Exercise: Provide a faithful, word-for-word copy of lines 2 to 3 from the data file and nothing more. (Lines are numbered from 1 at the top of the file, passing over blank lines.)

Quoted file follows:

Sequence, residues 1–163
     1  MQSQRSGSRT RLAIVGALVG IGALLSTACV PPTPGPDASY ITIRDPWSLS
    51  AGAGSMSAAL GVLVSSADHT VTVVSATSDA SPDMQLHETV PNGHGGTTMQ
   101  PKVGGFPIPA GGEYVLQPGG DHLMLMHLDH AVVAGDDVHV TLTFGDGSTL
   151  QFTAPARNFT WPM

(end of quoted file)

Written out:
     1  MQSQRSGSRT RLAIVGALVG IGALLSTACV PPTPGPDASY ITIRDPWSLS
    51  AGAGSMSAAL GVLVSSADHT VTVVSATSDA SPDMQLHETV PNGHGGTTMQ